Comment by National Theatre Wales on September 23, 2010 at 11:01
Cheers Tom. Very useful. FYI (and others reading), one other plan in the works is some kind of a big event next summer - an open forum in real space/time and online where the widest possible range of people get to reflect on the work so far and dream about the future. I'd be very interested in your ideas, and other people's, about what this might look like - what would it feel like for example if a community TEAM member from Prestatyn was discussing past work and future possibilities alongside a PhD student like yourself and an emerging playwright - would that be a useful and exciting debate - and how would it all really feed into programming choices.... j
Comment by Dr Tom Payne on September 23, 2010 at 9:32
Thanks John, I think that an uncomplicated digital platform that combined public and private means of responding to work could be an extraordinarily open and innovative way for a national theatre, or any other arts organisation for that matter, to gather a broad range of responses to its work and to give a voice to its audience. For what it is worth I have a few thoughts on this subject which I will share as they might feed into the development of your discussion forum;

A single page platform might be better than a website. Easy to find and easy to understand. Like your platform for the current show,

Simple tools for interaction. It might be enough to have a comments box and a choice of 12 tick boxes. So that people arrive at the page, select the show they want to talk about, write their comment and then press send.

An additional feature might be that people can post their comments to a discussion thread or can send them privately and anonymously directly to NTW.

I feel that it is important to resist overcomplicating such a tool, and that while there might be some information such as age and location that would be useful to gather in order to help contextualise the comments, it should be possible to understand the platform and get down to the business of leaving a comment with as little hassle and ICT literacy as possible.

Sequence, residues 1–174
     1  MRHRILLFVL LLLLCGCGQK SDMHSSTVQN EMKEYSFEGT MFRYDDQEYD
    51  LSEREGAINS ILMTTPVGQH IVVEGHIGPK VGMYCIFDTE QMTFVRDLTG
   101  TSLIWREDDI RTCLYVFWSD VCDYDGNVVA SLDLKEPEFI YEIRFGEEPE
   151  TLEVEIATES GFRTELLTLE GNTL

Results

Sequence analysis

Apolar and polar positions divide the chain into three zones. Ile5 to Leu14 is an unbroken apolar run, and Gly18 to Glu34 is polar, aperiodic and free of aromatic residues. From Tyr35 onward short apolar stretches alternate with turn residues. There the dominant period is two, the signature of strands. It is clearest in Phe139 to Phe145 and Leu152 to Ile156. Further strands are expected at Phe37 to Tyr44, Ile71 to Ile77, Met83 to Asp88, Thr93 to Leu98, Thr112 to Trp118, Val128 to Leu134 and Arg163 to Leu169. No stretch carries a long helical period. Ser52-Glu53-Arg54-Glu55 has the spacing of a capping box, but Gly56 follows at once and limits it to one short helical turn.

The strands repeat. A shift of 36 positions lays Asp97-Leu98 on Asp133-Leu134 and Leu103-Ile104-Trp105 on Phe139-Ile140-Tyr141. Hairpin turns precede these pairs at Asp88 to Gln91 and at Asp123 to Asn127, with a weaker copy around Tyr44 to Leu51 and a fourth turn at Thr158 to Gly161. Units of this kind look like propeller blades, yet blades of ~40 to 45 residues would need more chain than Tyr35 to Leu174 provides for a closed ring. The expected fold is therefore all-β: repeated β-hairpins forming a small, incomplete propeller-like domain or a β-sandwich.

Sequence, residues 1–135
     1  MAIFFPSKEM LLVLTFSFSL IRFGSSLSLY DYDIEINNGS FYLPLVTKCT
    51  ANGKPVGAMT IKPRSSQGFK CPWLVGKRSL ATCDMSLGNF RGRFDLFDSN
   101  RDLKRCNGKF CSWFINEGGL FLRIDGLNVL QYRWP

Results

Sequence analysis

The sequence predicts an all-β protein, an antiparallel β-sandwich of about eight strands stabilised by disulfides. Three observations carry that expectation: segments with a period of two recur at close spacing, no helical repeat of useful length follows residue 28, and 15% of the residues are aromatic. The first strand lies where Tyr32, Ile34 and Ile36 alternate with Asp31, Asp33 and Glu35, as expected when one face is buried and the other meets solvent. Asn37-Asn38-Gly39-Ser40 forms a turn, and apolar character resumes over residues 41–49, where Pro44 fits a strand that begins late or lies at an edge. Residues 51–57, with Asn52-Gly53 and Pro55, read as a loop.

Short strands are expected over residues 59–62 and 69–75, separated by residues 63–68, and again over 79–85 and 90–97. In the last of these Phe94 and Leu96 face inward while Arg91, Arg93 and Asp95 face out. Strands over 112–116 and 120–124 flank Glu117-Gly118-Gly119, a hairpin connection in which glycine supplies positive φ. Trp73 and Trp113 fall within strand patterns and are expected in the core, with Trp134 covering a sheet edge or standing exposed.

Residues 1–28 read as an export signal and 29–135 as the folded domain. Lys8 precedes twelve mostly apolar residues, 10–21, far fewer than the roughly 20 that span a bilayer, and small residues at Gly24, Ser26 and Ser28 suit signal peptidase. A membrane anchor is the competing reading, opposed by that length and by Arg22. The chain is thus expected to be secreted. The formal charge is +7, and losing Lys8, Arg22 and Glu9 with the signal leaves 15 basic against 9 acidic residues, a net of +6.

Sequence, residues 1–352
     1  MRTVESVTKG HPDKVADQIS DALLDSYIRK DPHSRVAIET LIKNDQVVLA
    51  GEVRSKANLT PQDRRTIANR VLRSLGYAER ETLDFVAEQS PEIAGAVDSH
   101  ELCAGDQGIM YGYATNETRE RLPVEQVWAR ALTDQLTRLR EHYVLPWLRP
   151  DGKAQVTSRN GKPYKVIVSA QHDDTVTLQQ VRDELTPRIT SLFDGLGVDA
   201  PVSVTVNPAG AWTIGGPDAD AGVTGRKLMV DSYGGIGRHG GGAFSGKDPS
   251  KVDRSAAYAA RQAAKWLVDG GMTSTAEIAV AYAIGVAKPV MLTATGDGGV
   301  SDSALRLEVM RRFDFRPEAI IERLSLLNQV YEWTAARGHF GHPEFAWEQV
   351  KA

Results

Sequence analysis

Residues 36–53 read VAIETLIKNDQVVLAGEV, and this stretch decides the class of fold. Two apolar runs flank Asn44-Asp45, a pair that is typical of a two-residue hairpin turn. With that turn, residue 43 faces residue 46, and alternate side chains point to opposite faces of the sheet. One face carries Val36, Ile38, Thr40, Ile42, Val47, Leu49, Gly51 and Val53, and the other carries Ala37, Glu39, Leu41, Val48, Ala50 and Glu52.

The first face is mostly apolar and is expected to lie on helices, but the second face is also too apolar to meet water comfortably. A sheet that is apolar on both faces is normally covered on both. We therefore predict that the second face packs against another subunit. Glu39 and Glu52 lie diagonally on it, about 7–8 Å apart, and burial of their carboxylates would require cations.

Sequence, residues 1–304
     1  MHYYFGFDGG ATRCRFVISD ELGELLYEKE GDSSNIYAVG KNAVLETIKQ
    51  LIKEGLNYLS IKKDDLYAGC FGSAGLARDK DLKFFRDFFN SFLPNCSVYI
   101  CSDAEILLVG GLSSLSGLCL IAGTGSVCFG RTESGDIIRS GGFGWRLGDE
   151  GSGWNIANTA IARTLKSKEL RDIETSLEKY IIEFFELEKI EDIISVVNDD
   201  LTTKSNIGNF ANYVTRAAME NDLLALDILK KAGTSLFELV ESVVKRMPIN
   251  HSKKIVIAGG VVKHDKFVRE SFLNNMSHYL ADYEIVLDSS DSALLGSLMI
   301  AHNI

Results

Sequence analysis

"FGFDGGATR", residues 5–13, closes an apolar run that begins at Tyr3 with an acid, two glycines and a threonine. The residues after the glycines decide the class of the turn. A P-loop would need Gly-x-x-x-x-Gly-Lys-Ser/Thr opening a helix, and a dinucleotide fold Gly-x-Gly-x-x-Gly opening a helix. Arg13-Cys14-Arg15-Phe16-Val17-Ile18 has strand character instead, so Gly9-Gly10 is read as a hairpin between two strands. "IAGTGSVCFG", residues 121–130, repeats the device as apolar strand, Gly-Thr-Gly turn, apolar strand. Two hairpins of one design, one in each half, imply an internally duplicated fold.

Also, might there be ways of engaging in discussion about the work offline? In light of Theatr Genedlaethol's current consultation process, and Vicky Featherstone's recent comments that suggest that voices of dissent are now, four years into National Theatre of Scotland's programme, beginning to make themselves heard, would it be prudent to develop an ongoing consultation strategy that brought in voices from the arts, the academy and the wider public in order to explore concerns and issues as they arise? Part of this consultation strategy might involve meeting with colleagues from Aberystwyth to discuss the recent papers at TAPRA and Reading. This would provide an opportunity to challenge one another's theoretical frames and to begin to ask questions of one another that might help shape both the future of the work and the way in which the work is read and understood.

I would also like to say thank-you again John for engaging me in this conversation and helping to demonstrate that this online community can be a place for difficult questions and respectful debate.
Comment by National Theatre Wales on September 22, 2010 at 22:57
Hi Tom. I think your list of questions is really good: 'What was the work saying about this place? How did the work go about saying it? How did this piece of work enact this location? What have both NTW and the audience learnt from the encounter? How do the different performances reverberate together within NTW's map of Wales? What new questions are there? Or, on the most basic level, did we like it or not?'

I'd also add that we should leave a space (despite my own investment in our 'theatre map') for people to raise things that are nothing to do with the location of the piece. I guess my overall point is that if this kind of engagement is framed as a discussion rather than just a statement, it is more useful for all of us.

Stimulated by this discussion of ours, I will certainly attempt to set up an online forum, once Love Steals Us From Loneliness is open, where people are invited to respond to, and have a discussion, about the piece.
Comment by Dr Tom Payne on September 22, 2010 at 12:46
Thanks for your response John. What interests me is that the mechanisms that are in place in the UK for discussing and debating theatre, particularly immediately after or even during an event, seem to function in and around the press - the review. A press night is held and then we wait and hope that good things are said about the work. A critical response is openly invited, is immediate and certainly runs the risk of hurting the feelings of those involved in the creative process. However, despite the potential for upsetting those involved it is still an actively sort response. So while I agree with your point that it is important to protect the people involved within a creative process, there does seem to be a tension between the welcome immediacy of a press response and then the delayed invitation to a response from the more general public, or even from the academy. What interests me particularly is why we seem to fear giving and receiving criticism, particularly when the consequence of unshared critical thoughts can often do more damage to trust later down the line?